Then there's the whole USB-C nonsense: Say goodbye to innovation in ports and connectors if USB-C is mandated by law. We'll be stuck with USB-C forever because what will be the point of developing something better if you can't use it.

    I don't really think they understand what they are doing.
    In practice Google Pay is both easier to use and faster to deploy on my Pixel than ApplePay is on my iPhone. There's not really much difference, mostly just an extra step on my iPhone. Each is equally as secure as the other as well. 
    edited October 2021
  • Reply 11 of 34
    chadbagchadbag Posts: 1,798member
    Government inevitably grows because lawmakers have to justify their existence by "doing something".  Ditto for the bureaucrats.  If they can't show that they have work to do their department would be downsized or eliminated.  So they make work.  
    opinion
  • Reply 12 of 34
    pwrmacpwrmac Posts: 33member
    Live in Europe. F*ck the EU bureaucrats! Why not force my local supermarket to offer my favorite brands I can buy somewhre else! Gues they have have found new cash cows.. US tech companies!
  • Reply 13 of 34
    rob53 said:
    The EU can take a hike! Apple can reserve NFC for itself, they don't have to provide that capability to anyone else. The EU has no grounds to tell a company that it has to make anything that company creates available to everyone. I can create a product that only I am allowed to use and no government can tell me I am required to allow others to use it. The EU is turning into a dictatorship.
    Not EU, but Margrethe Vestager is. She’s rabiat and envious of Apple’s business success.

    I live in Europe but would still back Tim if he decided not to sell NFC equipped iPhones in EU anymore …totally.
    edited October 2021
  • Reply 14 of 34
    jungmarkjungmark Posts: 6,924member
    Can’t wait for the EU to say BMW has an unfair monopoly on their car Fobs. 
    aderutteropiniongilly33
  • Reply 15 of 34
    sflocalsflocal Posts: 6,006member
    gatorguy said:
    The EU is getting a bit carried away with itself and these issues, and a lot of their "enforcement" does seem to be ideologically based rather than otherwise.

    It seems they are getting involved in this NFC/ApplePay issue because it works better — more reliably and more simply for users — than on Android where other payment systems are allowed to use the NFC chip. That just seems crazy — go after it because it's better.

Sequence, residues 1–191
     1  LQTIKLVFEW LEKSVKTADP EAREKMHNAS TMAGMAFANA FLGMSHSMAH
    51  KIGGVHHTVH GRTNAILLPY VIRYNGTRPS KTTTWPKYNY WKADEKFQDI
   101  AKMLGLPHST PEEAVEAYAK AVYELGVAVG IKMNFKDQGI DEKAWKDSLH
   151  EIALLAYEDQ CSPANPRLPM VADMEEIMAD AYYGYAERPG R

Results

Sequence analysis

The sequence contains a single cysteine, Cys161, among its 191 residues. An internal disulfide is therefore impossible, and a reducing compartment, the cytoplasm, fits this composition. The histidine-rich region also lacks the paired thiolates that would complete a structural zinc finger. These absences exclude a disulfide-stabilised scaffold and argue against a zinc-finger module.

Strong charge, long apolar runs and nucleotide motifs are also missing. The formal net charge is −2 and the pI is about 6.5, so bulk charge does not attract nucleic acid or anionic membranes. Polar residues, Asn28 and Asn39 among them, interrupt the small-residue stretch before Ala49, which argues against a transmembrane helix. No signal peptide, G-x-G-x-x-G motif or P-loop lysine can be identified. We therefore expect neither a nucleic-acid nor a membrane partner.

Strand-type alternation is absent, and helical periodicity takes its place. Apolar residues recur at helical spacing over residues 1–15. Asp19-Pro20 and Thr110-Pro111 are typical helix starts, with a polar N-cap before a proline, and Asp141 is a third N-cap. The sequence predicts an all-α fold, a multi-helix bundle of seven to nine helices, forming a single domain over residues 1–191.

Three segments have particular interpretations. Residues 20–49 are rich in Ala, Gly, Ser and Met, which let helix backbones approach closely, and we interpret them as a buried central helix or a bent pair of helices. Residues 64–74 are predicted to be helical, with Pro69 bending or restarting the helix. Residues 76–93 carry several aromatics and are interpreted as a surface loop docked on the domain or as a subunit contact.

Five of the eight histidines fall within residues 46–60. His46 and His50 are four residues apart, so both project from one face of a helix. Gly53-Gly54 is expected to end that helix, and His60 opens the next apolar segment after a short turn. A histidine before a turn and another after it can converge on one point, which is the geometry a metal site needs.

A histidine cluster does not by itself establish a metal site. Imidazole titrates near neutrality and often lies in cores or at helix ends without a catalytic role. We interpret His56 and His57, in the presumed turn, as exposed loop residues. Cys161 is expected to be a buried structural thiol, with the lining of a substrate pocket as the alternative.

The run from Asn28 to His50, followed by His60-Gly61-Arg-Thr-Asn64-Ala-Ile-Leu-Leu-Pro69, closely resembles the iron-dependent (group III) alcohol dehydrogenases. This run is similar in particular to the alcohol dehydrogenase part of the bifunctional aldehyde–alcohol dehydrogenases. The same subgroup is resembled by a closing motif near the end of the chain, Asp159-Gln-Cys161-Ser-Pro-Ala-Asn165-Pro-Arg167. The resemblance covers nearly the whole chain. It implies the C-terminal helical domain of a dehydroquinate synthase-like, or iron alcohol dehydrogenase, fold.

Then there's the whole USB-C nonsense: Say goodbye to innovation in ports and connectors if USB-C is mandated by law. We'll be stuck with USB-C forever because what will be the point of developing something better if you can't use it.

    I don't really think they understand what they are doing.
    In practice Google Pay is both easier to use and faster to deploy on my Pixel than ApplePay is on my iPhone. There's not really much difference, mostly just an extra step on my iPhone. Each is equally as secure as the other as well. 
    I set up my credit card on ApplePay yesterday.  Took about one minute, if that.  Not sure how much less an effort is needed.  

    That being said, I trust Apple to keep my ApplePay financial info secure and would never trust Android for that.
    williamlondonaderuttergilly33rundhvid
  • Reply 16 of 34
    sflocalsflocal Posts: 6,006member
    Like Epic with forcing Apple to allow 3rd-party payments, this EU debacle stinks of banks whining to get access to Apple's hardware.

    Android has a different model.  Android is just software, so it's up to the phone manufacturer to decide what they can do with NFC capabilities on what is their product.  If Samsung for example wants banks to hook into its NFC system, go right ahead.

    Apple owns the entire cycle from software to hardware and thus can maintain the control it feels necessary to keep the data of Apple's customers safe and secure.  I highly doubt the users of ApplePay are raising any kind of stink about it.   It's shameful of the EU to think that Apple should devote resources to keep NFC secure and allow others that have done nothing to use it.  Screw the EU, and screw those banks trying to ride Apple's coattail.

    If Samsung decided to do the same with their phones, would the EU be banging on Samsung's door?
    edited October 2021 chiaHedware
  • Reply 17 of 34
    hexclockhexclock Posts: 1,076member
    mike1 said:
    EU seems bent on penalizing success at every opportunity.
    It’s called socialism. 
    williamlondon
  • Reply 18 of 34
    blastdoorblastdoor Posts: 2,828member
    Apple should stop selling the iPhone in the EU and just make an euPhone — a compliance phone designed by Brussels. Available only in brown. Certainly people can but it if they want….

    meanwhile, totally unrelated, apple could open a travel agency booking train rides from Paris to London, with a special tour of the London apple store, where unlocked iPhone models are available for sale.

  • Reply 19 of 34
    hexclock said:
    mike1 said:
    EU seems bent on penalizing success at every opportunity.
    It’s called socialism. 


    Don’t try to drag your political views in to this issue, this doesn’t have anything to do with socialism.

    Just for the record, I am on Apple’s side.

    williamlondonrundhvid
  • Reply 20 of 34
    crowleycrowley Posts: 10,453member
    hexclock said:
    mike1 said:
    EU seems bent on penalizing success at every opportunity.
    It’s called socialism. 
    No it isn't.  The EU does not want to own the means of production.
    rundhvid